Environmental historical analyses, including sedimentological, pedological, palynological, archeobotanical and phytolith analyses were carried out on samples derived from the Kadicsfalva/Cãdiseni archeological site. Our aim was to provide paleoenvironmental data to the archeological results in order to reconstruct the former milieu of the Gothic population, and to provide information regarding their environment management. At the end of the Pleistocene loess and alluvial loess developed from the eolian dust that accumulated on the wet surfaces of the Pleistocene sediments. The site provided favorable conditions to host a settlement and supports its long-term colonization owning to the riverside terrace surface location. The comparative analysis of the recent and the Gothic soil horizon proved that the recent soil horizon is over-utilized; its productivity can be maintained only by intensive fertilization and almost every one of its parameters is below the element and nutrient composition of the Gothic soil horizon.
Authors:Attila Demény, Gabriella Schöll-Barna, Pál Sümegi, Péter Sipos, and Brigitta Réka Balázs
In this paper we present sedimentological and geochemical data for a section of fluvial deposits from SE Hungary covering the period of 25 to 5 ky BP. Major and trace element geochemistry of bulk sediments as well as stable C and O isotope compositions of the carbonate content indicate significant changes in depositional facies and/or sediment provenance. Correlations of mineralogical and geochemical compositions were used to determine the stable isotope compositions of authigenic calcite component. Additionally, C and O isotope compositions of Unio crassus shell fragments were analysed that show a good agreement with climate change. Major climate change events within the studied time period were detected both in the shells and the authigenic calcite's compositions.
Authors:Attila Demény, Gabriella Schöll-Barna, István Fórizs, János Osán, Pál Sümegi, and Bernadett Bajnóczi
Stable carbon and oxygen isotope compositions of living Unio shells and oxygen isotope compositions of water samples were determined in order to demonstrate how the shells' compositions can reflect environmental conditions. With this information in hand, fossil shell fragments from a sedimentary section at Tiszapüspöki covering the period of about 3.5 to 10 ky BP were analyzed for their stable isotope as well as trace element compositions. Beside the determination of sedimentary facies effects on the geochemical compositions, the combined evaluation of isotopic and trace element records allowed us to detect past environmental changes at a millennial scale. The data indicate that the period of 6 to 8 ky BP was characterized by humid summers that — on the basis of comparison with an Alpine speleothem record — was associated with a generally warmer climate and increased winter precipitation in the Alps.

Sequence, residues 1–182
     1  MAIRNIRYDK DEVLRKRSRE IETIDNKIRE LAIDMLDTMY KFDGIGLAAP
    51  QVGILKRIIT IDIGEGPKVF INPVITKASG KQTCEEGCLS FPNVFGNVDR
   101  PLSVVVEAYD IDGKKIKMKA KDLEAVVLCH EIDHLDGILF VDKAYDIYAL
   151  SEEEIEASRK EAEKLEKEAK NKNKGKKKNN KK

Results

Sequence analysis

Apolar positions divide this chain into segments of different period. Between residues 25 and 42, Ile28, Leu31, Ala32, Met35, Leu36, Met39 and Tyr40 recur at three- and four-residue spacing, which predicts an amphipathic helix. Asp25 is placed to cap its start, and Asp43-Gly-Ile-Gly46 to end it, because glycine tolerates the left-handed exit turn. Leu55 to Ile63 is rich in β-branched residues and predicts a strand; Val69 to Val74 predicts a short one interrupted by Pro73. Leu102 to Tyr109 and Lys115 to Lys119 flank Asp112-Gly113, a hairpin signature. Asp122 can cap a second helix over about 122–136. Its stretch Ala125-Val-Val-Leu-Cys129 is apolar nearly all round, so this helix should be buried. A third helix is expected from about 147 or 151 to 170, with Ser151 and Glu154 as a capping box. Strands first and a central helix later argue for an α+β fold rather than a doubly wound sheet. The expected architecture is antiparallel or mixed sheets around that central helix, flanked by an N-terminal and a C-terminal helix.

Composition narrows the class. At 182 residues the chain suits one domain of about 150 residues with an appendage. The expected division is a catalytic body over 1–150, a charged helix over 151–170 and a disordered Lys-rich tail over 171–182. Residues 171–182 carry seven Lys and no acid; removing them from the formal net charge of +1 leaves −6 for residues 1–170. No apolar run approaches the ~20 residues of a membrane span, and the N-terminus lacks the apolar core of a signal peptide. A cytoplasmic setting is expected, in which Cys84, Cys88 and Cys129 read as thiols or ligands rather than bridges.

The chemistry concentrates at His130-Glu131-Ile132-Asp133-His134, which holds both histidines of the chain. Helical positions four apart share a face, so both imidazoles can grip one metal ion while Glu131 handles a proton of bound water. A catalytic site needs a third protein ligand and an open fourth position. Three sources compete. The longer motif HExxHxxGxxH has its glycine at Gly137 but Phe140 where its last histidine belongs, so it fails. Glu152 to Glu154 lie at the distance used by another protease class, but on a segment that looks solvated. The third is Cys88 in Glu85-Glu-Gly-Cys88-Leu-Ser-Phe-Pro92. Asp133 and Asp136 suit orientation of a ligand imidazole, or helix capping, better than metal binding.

Authors:Dávid Gergely Páll, Sándor Gulyás, Pál Sümegi, Júlia Hupuczi, and Zsolt Veres
The loess/paleosol sequence near the village of Madaras is an outstanding record of Late Quaternary paleoenvironmental and paleoclimatic changes in Hungary and the entire Carpathian Basin. The present study highlights the results of preliminary micromorphological investigations implemented on 24 samples taken from two pre-selected pedogenized horizons of the sequence. Our work yielded interesting results regarding the evolutionary history and modes of pedogenesis in the studied section.
Authors:Ádám Bede, Roderick B. Salisbury, András István Csathó, Péter Czukor, Dávid Gergely Páll, Gábor Szilágyi, and Pál Sümegi
The Ecse-halom is a burial mound (kurgan) in the Hortobágy region of Hungary. Built in the Late Copper Age/Early Bronze Age by nomadic people from the east, it now stands on the border between two modern settlements. A road of medieval origin runs along this border and cuts deeply into the body of the mound. The southern half of the mound was plowed and used as a rice field, and later a military observation tower was built on top of it. Despite this disturbance, the surface of the mound is in decent condition and provides a home for regionally significant, species-rich loess steppe vegetation. The mound comprises two construction layers as indicated by magnetic susceptibility and thin-section micro-morphological analysis. Examination of organic compounds and carbonate content at various levels showed different values, which suggest a variety of natural and anthropogenic stratigraphic layers. Mid-sized siltstone fraction is dominant in the section. The layers originate from the immediate vicinity of the mound, but have different characteristics than present-day soils. These mounds contain a valuable record of cultural and environmental conditions occurring at the time of their construction, and also serve as a refuge for ancient loess vegetation; therefore their conservation is highly recommended.